And we were moving from one—as I told you, we were moving from city to city with the rebels. You know, we were—they were discovering some cities with us. You know, they were just, as they say, liberating these cities, and we were along with them, going from each place to another. We entered from Egypt, and we had our own machines with us, SMG’s, you know, those live stream boxes, whatever. So they were all with us, and we were trying our best, you know, in each city or each place we go to to have live coverages from there and make people talk what they had, because those people were there for, like, 42 years, you know, being muted, if it’s [crosstalk]
JAY: Now, some people, a lot of people have compared the Syria situation to the Libya situation in a few ways, but that in Libya, that one take on this issue is is that it began either with peaceful protests that were very early on militarized, again, to some extent, by outside forces—some people think it was the French or the Americans’ involvement, or some people are suggesting even further, that the whole thing begins in Benghazi as kinds of an external conspiracy of sorts. What did you make of that?
HASHEM: Let me be clear. My own point of view in this regard, regarding even the Syrian, the Libyan, all the revolutions that took place in the Arab world, they’re not set up, you know, they’re not staged revolutions. Those revolutions were because—there are reasons for such revolutions. In each country there is a reason. There is a tyrant, there is a dictatorship, there are, you know, regimes that are really very old. And that’s why people are revoluting. It’s not because those people are really being pushed by outside to revolute.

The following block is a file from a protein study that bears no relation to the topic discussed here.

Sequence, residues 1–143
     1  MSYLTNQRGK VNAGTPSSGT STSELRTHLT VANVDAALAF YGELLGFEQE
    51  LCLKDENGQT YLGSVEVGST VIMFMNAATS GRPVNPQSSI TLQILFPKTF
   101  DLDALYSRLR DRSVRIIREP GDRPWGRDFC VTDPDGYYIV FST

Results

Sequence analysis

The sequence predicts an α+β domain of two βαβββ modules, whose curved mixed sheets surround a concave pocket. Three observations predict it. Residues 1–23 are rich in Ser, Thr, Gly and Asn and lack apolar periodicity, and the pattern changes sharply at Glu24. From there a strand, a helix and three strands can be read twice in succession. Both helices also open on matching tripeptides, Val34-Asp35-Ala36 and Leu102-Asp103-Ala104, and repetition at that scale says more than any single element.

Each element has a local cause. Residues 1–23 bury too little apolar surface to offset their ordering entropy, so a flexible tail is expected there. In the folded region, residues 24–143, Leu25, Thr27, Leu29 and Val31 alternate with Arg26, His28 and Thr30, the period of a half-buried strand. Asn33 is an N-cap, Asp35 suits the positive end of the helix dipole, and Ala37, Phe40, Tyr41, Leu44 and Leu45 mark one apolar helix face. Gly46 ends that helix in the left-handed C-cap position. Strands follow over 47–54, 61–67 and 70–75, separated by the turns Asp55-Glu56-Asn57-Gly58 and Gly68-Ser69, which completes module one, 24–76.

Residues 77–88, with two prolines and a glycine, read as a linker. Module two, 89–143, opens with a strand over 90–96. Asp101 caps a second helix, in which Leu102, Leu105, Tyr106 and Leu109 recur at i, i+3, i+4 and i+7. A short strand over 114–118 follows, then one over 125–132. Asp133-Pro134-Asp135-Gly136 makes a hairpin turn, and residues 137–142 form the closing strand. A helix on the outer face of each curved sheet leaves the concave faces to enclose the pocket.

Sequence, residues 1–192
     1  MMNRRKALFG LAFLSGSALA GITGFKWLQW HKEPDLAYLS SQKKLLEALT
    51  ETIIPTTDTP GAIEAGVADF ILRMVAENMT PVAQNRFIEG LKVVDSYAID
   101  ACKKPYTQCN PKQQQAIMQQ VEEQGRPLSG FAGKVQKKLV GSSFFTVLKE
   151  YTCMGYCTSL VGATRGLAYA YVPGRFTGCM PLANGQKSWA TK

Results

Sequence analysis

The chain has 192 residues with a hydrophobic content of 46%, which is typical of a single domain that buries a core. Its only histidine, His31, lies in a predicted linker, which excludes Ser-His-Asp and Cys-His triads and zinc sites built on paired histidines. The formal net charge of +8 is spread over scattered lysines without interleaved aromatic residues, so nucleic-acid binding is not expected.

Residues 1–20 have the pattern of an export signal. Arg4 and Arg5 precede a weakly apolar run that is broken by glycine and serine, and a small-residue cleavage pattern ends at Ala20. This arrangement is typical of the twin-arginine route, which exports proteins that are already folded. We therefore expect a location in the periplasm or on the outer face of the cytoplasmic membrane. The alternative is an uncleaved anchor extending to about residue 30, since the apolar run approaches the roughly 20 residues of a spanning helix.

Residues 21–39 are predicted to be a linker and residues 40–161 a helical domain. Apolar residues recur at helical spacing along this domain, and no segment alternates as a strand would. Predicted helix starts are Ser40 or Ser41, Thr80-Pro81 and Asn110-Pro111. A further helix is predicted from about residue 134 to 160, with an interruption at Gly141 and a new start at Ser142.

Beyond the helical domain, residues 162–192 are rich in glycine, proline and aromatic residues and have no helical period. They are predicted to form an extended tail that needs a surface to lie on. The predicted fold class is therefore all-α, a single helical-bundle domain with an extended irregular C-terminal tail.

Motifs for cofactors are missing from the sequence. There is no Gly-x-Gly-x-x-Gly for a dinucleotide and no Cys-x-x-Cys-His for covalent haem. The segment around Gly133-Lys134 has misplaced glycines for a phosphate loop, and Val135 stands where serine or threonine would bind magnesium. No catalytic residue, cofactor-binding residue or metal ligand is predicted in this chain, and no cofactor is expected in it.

But, you know, people—you know, whenever you have enemies, then you should take in consideration that your enemy is going to make use of any revolution against you. So you are not going to expect that enemies of Gaddafi or al-Assad will stay, you know, calm when they’re seeing their enemy falling down or, you know, at least someone who is standing for him. They—that is for sure they’re going to support them.
Now, for example, the Occupy Wall Street movement that was going on in the States. But let’s say there’s someone—any country that really wants to annoy the United States. Wouldn’t they go and support those people against the regime of the United States? It’s just normal.
JAY: Well, actually, we do see that, because Russia Today is very, very supportive of Occupy Wall Street.
HASHEM: So that’s why. You know, that’s normal. It’s—you know, I’ll just say that everyone has the right to do whatever he wants. It’s not—I can’t say that this can’t do that.
But, you know, those revolutions started peacefully. Those people started, you know, went into the streets because they were really oppressed for 40 years or 42 years or 30 years or 35—it depends on which country. You know, you’re talking about an Arab world and the pro-American regimes that were really backed by the Americans, American administration. And most of those regimes were dictators. And still you have dictatorships. You have kingdoms like the kingdom of Saudi Arabia, which is really doing a lot of oppression for the people. The same for Bahrain. And these regimes are really backed by the United States to the bones.
JAY: Well, let’s just—let’s go back to the beginning days of the Libyan conflict. Do you think, in terms of how quickly the protests became militarized—. I mean, obviously the threats of Gaddafi are the underlying issue, but did it get militarized more quickly than it might have because of external factors?